Success Is Not Final: Onward to the Future of Evidence-Based Practice
As the Oncology Nursing Society celebrates its 40th anniversary, the success of its focus in evidence-based practice should also be considered. One of its greatest accomplishments is the creation of the Putting Evidence Into Practice (PEP) initiative 17 years ago. PEP now represents 20 specific practice resources for cancer-related symptoms.
At a Glance
- Evidence-based practice has evolved for oncology nurses during the past 40 years.
- The Oncology Nursing Society has been a leader in helping to translate new knowledge into practice through the Putting Evidence Into Practice (PEP) program.
- The Oncology Nursing Society has created 20 specific PEP resources for cancer-related symptoms, such as mucositis, pain, and anxiety, that are used by oncology nurses for symptom management.
The Oncology Nursing Society (ONS) is celebrating its 40th anniversary, so it seems only fitting that this column focuses on how evidence-based practice (EBP) has evolved for oncology nurses and ONS during the past 40 years. EBP has been around for a very long time. In the famous Notes on Nursing published in 1860, Florence Nightingale noted that, “The most important practical lesson that can be given to nurses is to teach them what to observe—how to observe—what symptoms can indicate improvement—what the reverse—which are important—which are of none” (p. 5). This quote seems pertinent given that a large part of what oncology nurses do is related to the management of symptoms, either from cancer or its treatment (e.g., chemotherapy, radiation). In addition, during the past 10–15 years, nurses have been immersed in providing symptom management interventions that are based on evidence, not just in hearsay or ritual.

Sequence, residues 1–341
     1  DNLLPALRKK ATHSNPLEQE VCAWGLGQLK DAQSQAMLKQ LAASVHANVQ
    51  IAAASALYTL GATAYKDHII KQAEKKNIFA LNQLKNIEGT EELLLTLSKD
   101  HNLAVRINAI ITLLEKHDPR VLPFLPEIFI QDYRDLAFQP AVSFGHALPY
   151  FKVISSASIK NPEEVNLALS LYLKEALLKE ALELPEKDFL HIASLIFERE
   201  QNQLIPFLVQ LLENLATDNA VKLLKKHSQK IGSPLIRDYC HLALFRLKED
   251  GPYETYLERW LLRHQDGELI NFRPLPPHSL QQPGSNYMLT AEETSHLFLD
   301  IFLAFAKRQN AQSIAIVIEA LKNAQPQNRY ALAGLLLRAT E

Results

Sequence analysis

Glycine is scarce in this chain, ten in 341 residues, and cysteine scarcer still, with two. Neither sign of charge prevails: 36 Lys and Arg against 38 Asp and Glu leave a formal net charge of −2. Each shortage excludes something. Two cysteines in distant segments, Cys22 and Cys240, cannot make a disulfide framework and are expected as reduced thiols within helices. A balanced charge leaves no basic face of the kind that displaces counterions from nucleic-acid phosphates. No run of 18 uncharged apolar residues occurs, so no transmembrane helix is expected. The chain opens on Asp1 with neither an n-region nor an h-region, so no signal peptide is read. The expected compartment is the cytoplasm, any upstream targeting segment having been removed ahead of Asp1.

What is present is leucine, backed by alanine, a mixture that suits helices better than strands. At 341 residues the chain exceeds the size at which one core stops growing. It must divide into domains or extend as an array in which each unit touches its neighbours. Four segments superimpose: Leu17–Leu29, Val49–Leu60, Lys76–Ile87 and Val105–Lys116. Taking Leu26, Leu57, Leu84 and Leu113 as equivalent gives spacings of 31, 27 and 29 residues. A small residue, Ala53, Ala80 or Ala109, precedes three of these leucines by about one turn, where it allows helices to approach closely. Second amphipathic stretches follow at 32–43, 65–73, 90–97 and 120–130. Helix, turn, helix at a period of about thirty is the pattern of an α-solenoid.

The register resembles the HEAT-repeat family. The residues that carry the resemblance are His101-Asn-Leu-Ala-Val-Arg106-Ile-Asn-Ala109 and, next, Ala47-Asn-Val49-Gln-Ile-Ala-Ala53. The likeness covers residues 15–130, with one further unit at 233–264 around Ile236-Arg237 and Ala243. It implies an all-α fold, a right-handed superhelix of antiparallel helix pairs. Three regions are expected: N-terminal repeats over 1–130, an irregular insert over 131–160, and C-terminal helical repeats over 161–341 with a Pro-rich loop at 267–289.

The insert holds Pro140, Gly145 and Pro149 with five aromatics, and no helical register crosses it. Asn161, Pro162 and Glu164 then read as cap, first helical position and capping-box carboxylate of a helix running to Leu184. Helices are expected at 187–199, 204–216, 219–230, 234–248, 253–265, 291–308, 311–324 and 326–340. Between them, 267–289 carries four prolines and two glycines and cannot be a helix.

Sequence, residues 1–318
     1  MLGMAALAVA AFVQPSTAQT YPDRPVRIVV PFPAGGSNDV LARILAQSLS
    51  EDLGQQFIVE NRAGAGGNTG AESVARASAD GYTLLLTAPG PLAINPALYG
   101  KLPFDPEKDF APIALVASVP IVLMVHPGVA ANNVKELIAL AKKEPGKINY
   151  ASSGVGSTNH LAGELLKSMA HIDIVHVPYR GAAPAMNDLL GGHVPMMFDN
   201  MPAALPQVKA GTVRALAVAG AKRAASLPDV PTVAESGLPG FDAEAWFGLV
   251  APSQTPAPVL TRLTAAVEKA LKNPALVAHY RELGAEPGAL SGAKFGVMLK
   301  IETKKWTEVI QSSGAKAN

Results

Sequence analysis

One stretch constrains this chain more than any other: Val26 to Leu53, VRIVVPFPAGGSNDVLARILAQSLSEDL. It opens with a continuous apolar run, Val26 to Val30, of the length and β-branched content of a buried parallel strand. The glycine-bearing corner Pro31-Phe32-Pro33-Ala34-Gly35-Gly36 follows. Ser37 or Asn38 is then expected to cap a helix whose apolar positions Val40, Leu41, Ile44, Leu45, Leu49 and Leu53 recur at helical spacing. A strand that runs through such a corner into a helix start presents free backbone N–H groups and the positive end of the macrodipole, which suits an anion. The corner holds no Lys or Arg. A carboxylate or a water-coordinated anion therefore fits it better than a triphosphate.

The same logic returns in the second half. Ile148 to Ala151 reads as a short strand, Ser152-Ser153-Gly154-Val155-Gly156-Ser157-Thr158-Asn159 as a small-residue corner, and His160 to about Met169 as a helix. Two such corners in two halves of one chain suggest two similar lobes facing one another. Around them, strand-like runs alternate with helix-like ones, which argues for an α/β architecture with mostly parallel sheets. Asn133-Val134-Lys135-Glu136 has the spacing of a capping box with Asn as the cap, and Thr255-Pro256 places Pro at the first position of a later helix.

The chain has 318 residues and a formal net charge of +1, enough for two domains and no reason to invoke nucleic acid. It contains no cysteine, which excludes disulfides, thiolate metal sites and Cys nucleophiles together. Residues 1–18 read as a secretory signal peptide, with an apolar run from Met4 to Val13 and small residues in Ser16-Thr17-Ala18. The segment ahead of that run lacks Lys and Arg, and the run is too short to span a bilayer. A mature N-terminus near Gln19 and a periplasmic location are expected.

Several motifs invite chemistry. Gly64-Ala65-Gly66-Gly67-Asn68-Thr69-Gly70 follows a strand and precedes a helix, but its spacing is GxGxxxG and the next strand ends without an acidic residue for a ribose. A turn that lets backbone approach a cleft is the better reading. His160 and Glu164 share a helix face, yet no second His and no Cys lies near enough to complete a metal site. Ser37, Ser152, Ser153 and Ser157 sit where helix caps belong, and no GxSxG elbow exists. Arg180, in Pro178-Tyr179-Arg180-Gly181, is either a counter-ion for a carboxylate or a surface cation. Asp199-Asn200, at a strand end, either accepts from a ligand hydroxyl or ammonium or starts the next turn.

For example, think about how the management of nausea and vomiting has changed. Many can remember the early days of bone marrow transplantation prior to the availability any 5-HT3 blockers (e.g., ondansetron) when patients were given IV lorazepam when they became nauseated or were vomiting. It was unclear if it helped with nausea or vomiting or just made patients fall asleep or become less anxious. Think about what is known about the management of nausea and vomiting at present, about the work of ONS with Putting Evidence Into Practice (PEP) and other organizations, such as the National Comprehensive Cancer Network and the Multinational Association of Supportive Care in Cancer. It is daunting to think about how far oncology nurses have traveled using EBP as a tool to improve the care and treatment of patients with cancer. The Internet and the availability of EBP information on the Internet has also changed the quality of care for patients.